Kurt Schrader: Wikis


Note: Many of our articles have direct quotes from sources you can cite, within the Wikipedia article! This article doesn't yet, but we're working on it! See more info or our list of citable articles.

Did you know ...

More interesting facts on Kurt Schrader

Include this on your site/blog:


From Wikipedia, the free encyclopedia

Kurt Schrader

Member of the U.S. House of Representatives
from Oregon's 5th district
Assumed office 
January 3, 2009
Preceded by Darlene Hooley

Member of the Oregon Senate
from the 20th district
In office
2003 – 2008 [1]
Preceded by Verne Duncan
Succeeded by Martha Schrader

Member of the Oregon House of Representatives
from the 23rd district
In office
1997 – 2003
Preceded by Jerry Grisham
Succeeded by Wayne Scott

Born October 19, 1951 (1951-10-19) (age 58)
Bridgeport, Connecticut
Political party Democratic
Spouse(s) Martha Northam Schrader
Residence Canby, Oregon
Alma mater Cornell University, University of Illinois
Occupation Veterinarian
Religion unspecified

Kurt Schrader (born October 19, 1951) is an American veterinarian and politician from the state of Oregon. A Democrat, he is the Representative for Oregon's 5th congressional district. Prior to his election to the U.S. Congress, he served in the Oregon State Senate.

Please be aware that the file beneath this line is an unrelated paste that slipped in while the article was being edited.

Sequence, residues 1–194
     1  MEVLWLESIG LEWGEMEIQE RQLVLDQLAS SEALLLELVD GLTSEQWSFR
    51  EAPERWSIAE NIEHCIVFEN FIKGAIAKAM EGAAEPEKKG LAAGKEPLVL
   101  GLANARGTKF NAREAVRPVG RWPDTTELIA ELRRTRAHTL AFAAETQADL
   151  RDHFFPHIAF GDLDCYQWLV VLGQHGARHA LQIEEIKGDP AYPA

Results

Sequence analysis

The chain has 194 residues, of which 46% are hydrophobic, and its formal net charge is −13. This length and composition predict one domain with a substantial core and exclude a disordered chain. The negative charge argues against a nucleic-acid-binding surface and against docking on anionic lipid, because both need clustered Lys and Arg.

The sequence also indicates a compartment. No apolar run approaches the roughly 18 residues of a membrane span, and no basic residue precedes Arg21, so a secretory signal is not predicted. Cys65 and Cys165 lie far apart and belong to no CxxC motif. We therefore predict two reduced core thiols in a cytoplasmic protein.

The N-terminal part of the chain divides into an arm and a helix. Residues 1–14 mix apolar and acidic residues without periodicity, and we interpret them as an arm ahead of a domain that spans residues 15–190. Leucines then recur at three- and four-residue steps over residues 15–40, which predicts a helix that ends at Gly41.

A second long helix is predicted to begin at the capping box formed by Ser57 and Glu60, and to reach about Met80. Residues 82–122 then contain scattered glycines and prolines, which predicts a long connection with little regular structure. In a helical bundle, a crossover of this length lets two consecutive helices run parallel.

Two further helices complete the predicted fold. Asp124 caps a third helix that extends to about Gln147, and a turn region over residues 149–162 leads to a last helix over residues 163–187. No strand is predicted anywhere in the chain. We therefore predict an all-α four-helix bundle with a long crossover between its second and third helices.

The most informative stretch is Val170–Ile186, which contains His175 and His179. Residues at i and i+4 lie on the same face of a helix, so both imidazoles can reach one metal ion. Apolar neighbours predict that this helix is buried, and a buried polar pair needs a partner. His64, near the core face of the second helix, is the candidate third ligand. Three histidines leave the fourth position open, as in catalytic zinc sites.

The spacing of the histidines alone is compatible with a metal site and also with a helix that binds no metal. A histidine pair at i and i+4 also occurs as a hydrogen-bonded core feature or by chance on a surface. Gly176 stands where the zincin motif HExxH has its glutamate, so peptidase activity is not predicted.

Early life

Schrader was born in Connecticut and received a Bachelor of Arts degree from Cornell University in 1973. While at Cornell, Schrader met Martha Northam, and the two were married in 1975.[2] Schrader earned his Doctor of Veterinary Medicine degree from the University of Illinois in 1977. A year later, the Schraders moved to Oregon, and Kurt opened the Clackamas County Veterinary Clinic in Oregon City to begin his veterinary practice.[2]

Political career

Schrader served 16 years on the Canby Planning Commission before running for the Oregon House of Representatives in 1994, where he lost to Republican Jerry Grisham by just 38 votes.[3] In 1996, Schrader ran again, and this time, defeated Paul Kraxburger.[4] He was subsequently reelected to the House in 1998 and 2000.

In 2002, Schrader ran for the Oregon State Senate seat vacated by the retiring Verne Duncan, representing the 20th district in southwestern Clackamas County, including the cities of Barlow, Canby, Gladstone, Johnson City, Oregon City, and portions of Milwaukie. He defeated fellow Oregon House member Kathy Lowe in a contentious Democratic primary, and then faced no Republican opposition in the general election.[5] Martha Schrader was the Democratic nominee to succeed her husband, but lost in the general election to Wayne Scott.[5] She served as a Clackamas County commissioner until 2009, when she was appointed by the same commission (with Martha recusing herself from voting) to replace her husband in the State Senate.[1]

In the Oregon Senate, Schrader served as co-chair of the Joint Ways and Means Committee in the 2003[6] and 2005 sessions and chair of the Interim Joint Legislative Audit Committee in the 2005 session.